Blue Balls

Epididymal Hypertension: Myth or True Blue Medical Condition?

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Is "blue balls" really a thing?. Adam Homfray/EyeEm/Getty Images

Millions of teenage boys are not delusional; prolonged sexual arousal without an orgasm can very much lead to pain in the testicles, sometimes extending into the lower abdomen. In boys it is almost exclusively a condition of the newly pubescent, but despite the colloquial terminology—blue balls—it may not be exclusively a condition of males. Indeed, women can be afflicted with a similar pain in the genitalia from long arousal without sexual release as well as men. It is less often discussed, which probably has more to do with social norms than with biology.

True Blue Condition

The common name is blue balls, and some people actually claim the scrotum (commonly known as the sack) can become cyanotic from trapped venous blood. I'm not so sure I buy the blue as true, but then again, I don't know anyone who has looked. The official medical term for the condition in boys is epididymal hypertension. The idea is that pressure built up in the epididymis, the convoluted tube that delivers sperm from the testes to the vas deferens, becomes painful when anticipated release doesn't happen.

Symptoms

There is only one symptom pattern that can be called blue balls:

  1. Prolonged sexual arousal without release. It's difficult to define prolonged for the purposes of this discussion, but without release is the most important part.
  2. Aching pain in the testicles.

If there is any trauma, such as the testicles were hit or heavily compressed, then the pain might actually be from trauma rather than from sexual arousal. Barring any history of trauma, however, an aching pain in the testicles after sexual arousal is the hallmark of blue balls.

Other Diagnoses

The most common potential diagnosis that feels the same as blue balls is epididymitis, an inflammation of the epididymis usually due to infection. If the pain becomes more severe after substantial time or sexual release, or if it comes on without sexual arousal, see a physician.

Treatment

The hard truth is that some tales just don't have a happy ending. If you are—or have been recently—experiencing this condition, it will subside. It will most likely stop affecting you after a time or two. If you just can't tolerate the discomfort, besides masturbation there are a couple of home remedies that will probably help.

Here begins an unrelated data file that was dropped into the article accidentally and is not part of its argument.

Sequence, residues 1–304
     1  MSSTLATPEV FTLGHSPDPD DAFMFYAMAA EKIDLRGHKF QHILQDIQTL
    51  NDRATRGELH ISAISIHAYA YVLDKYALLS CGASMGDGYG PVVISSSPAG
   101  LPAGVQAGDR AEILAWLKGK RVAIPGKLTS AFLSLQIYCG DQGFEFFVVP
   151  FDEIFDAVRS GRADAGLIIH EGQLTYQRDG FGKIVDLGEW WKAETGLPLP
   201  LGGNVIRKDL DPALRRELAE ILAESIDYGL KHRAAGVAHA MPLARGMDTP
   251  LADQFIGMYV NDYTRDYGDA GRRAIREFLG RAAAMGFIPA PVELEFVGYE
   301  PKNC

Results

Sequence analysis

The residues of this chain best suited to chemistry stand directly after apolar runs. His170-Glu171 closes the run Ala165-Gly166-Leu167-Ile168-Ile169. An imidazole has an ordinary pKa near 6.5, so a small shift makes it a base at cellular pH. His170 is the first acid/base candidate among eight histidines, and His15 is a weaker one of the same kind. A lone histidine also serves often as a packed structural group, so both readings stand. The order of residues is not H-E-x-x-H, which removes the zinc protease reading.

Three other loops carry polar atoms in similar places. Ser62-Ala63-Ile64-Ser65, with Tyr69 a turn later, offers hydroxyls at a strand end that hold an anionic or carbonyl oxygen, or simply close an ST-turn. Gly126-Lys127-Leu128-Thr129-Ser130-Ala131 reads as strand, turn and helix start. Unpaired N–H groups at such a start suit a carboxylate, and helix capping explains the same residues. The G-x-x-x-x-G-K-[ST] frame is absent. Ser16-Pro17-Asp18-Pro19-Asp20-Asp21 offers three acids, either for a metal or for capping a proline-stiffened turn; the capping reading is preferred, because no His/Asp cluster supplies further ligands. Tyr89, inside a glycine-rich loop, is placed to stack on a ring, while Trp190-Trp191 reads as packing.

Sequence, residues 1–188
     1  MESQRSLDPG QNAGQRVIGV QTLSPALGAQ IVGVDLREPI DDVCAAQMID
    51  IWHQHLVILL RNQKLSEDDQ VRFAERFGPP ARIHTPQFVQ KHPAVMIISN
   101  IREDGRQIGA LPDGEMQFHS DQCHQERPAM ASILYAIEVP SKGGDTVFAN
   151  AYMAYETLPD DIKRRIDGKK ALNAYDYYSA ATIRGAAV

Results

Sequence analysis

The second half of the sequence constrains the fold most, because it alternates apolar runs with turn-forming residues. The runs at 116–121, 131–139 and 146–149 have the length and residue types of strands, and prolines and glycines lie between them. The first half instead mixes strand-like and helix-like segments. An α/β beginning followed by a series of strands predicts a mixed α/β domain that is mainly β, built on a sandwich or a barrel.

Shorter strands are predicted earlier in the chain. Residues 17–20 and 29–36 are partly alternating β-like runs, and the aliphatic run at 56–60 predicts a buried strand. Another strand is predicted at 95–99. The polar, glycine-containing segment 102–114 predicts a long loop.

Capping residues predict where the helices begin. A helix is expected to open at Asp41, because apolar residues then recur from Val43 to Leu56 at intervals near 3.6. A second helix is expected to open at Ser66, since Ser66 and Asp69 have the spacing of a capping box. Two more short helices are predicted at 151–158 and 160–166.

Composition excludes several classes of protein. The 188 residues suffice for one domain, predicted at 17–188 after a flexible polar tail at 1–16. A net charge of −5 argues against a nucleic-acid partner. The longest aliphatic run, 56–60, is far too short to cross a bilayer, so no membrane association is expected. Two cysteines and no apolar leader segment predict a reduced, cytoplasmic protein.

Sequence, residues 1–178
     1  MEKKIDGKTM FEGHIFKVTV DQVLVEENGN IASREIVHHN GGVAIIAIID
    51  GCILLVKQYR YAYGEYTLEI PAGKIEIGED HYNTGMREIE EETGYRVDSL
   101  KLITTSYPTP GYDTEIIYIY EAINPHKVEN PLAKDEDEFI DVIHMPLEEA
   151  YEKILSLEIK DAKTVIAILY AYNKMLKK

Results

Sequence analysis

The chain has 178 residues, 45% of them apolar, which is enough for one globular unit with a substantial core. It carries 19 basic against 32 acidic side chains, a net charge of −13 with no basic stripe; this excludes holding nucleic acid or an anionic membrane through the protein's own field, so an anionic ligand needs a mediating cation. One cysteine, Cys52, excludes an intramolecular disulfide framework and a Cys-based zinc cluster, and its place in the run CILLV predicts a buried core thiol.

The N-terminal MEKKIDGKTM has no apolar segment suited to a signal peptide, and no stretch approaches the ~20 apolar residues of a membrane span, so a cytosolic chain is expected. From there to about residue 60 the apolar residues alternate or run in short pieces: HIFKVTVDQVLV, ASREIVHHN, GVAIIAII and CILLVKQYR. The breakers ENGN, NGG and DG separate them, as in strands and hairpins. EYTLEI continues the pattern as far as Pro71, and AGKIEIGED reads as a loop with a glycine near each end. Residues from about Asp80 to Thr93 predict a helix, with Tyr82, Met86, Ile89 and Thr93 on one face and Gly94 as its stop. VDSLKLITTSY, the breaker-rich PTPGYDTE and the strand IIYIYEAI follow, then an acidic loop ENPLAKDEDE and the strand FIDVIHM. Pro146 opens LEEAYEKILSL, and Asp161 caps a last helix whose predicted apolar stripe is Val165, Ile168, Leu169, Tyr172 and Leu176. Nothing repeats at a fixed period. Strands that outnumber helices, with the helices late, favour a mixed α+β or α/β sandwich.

• Exercise, especially strength training, is advocated by some. The idea is that exercise diverts blood to major muscle groups instead of the genitalia.
  • Vagal stimulation, often accomplished by bearing down as if having a bowel movement, may relieve the pressure by dilating blood vessels throughout the body. This is known in the medical community as the Valsalva Maneuver.
  • For generations, the most common word of advice has been to take a cold shower. Presumably, the cold will have the effect of reducing swelling, much like it does in injuries.

The medical community hasn't spent a ton of time on this particular phenomenon. For one thing, blue balls is an absolutely non-life-threatening condition, despite the belief otherwise by many a first-time sufferer. The pain can be excruciating, causing some patients to have a hard time walking or even standing upright until the pain subsides. Plus, any topic even suggesting sexuality among the sub voting aged crowd is politically charged and uncomfortable for many healthcare providers to broach with either their patients or their patients' parents (especially the moms).

One article in the journal Pediatrics, published in 2000, discussed epididymal hypertension as a potential diagnosis in young adult males. With the exception of a follow-up letter to the editor in the same journal bringing up both real and comical concerns about the condition and a response to that letter, I couldn't find any other legitimate clinical discussion of the condition.

Pain Release

Worse yet, the immediate relief of the pain is most efficiently handled by the immediate release of the arousal. The easiest way to do this, of course, is through orgasm.

And there's the rub (sorry, couldn't resist).

No one wants to suggest that a young man is entitled to have his every erection tended to, especially by a sexual partner. That kind of thinking can lead to him pressuring his partner (or partners) into continuing down a path that she or he is not willing to go. No means no, even if it means he's going home with an aching disappointment.

In some households, it's even worse to suggest he handle his own destiny. The idea that a healthcare provider would even consider discussing masturbation with a teenager makes some folks decidedly squeamish, and others downright angry.

I doubt we will ever see any comprehensive clinical study of this particular phenomenon. It isn't harmful and it goes away without treatment, which means it will never need pharmaceutical relief. And since it doesn't need drugs, it will never have money to fund research.

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